We all have pain. It’s inevitable. It’s part of life. But, the first thing I want to get clear is that there’s a difference between pain and suffering. Pain happens when your life circumstances do not match up with your view of the way the world should be. Suffering is when you feel powerless over it. You are never powerless over it. You can always change your point of view.
Why do bad things happen?
Many people resist the notion that we can change our view of the world in order to stop ourselves from suffering. Sometimes bad things happen and they are so unacceptable that we don’t want to find a better way of feeling about them. We feel resentful. We feel angry. We feel wronged. Depending upon our belief system or “view of the world” we deal with our “curses” in different ways. Below are several common belief systems about why bad things happen:
- Everything in life is predestined, as part of a greater Cosmic Plan.
- An outside force (God, the Universe, Source, etc) is directing our lives and causes bad things to happen to teach us lessons.
- Everything happens by random chance and comes down to bad or good luck.
- Before we were born we pre-planned the events of our lives to learn certain lessons.
- We create our lives through our intentions, emotions, and actions (Law of Attraction).
- Everything is someone else’s fault.
As you can imagine, whether we experience pain and/or suffering is largely due to which belief system we choose. If you would like to choose not to suffer any longer, consider the following tools:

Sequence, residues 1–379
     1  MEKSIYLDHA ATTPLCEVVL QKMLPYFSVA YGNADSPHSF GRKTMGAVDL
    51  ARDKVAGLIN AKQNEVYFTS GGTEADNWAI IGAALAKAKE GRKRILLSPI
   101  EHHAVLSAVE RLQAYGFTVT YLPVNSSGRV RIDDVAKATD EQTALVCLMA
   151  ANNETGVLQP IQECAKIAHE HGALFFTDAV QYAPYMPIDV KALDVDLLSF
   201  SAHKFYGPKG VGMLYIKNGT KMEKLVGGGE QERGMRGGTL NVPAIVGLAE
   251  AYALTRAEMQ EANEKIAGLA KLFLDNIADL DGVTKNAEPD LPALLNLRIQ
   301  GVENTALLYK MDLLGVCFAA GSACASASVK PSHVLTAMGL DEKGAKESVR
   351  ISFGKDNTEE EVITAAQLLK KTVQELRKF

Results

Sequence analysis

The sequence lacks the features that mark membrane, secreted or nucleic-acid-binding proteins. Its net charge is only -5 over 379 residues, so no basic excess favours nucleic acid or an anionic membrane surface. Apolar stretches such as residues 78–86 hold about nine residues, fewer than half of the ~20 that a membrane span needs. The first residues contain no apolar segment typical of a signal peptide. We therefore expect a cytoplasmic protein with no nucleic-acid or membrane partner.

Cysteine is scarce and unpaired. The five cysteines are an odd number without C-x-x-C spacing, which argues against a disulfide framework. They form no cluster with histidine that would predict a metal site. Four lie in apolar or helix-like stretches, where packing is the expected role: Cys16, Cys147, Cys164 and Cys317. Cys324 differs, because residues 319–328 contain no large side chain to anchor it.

Scratching the Scab
Some people are acutely aware of their pain. In fact, many people are so focused on their pain that they forget to enjoy life. Our culture teaches us to find our connection to others by commiserating about our pain. But most of the time our true pain gets locked tightly beneath the surface.
Our culture may push pain as a social connection technique, but it also does a good hard sell of repression as a preferred coping tactic. Most people have become comfortable with hiding from their pain. They cannot be their authentic selves because in order to know how they really feel, what they really want, and who they really are they would have to be whole. You can’t be whole if you are cutting off parts of yourself.
By hiding our pain we stifle our greatness.
If this is resonating with you and you feel that there is repressed pain beneath the surface, I challenge you to scratch the scab. Stop holding yourself back by denying yourself. (Please seek support by those who are qualified to help you.)
Drop the Water Line
People are like icebergs; we see only 10 percent.
Most of the time we only see people’s identity, roles, and the pain they select as their social connection tool. The 90 percent below the surface contains who they really are: their biggest fears and deepest longings; what sustains them and what breaks them down, their talents, creativity, and brilliance, as well as their faults, failings, and mistakes.
My call to action is to challenge yourself to show more of what is beneath the surface—the good and the bad. When you are open and honest about your pain you will be surprised how many other people you meet have either experienced what you have or can otherwise relate to your pain.
Knowing that you are not alone is a huge force for healing. One of the most powerful healing experiences you can give another person is to be the witness for their pain.
(Note: Those of you who have created an identity out of your pain and are constantly dwelling in it, please disregard this message and see “Giving Your Pain a Purpose” below.)
Giving Your Pain a Purpose
Now, whether your default coping strategy is to repress your pain or dwell in it, in either case you can heal by giving your pain a purpose. Ask yourself the following questions:
- Did you learn anything from that which caused your pain?
- Has your pain inspired you to do something you otherwise would not have?
- Has the result of the situation pushed you to make a change that bettered your life?
- Is there something meaningful you could do to help others going through the same thing?
Successful, happy people have one thing in common—they turn their curses into blessings.
As Albert Einstein points out, you have a choice: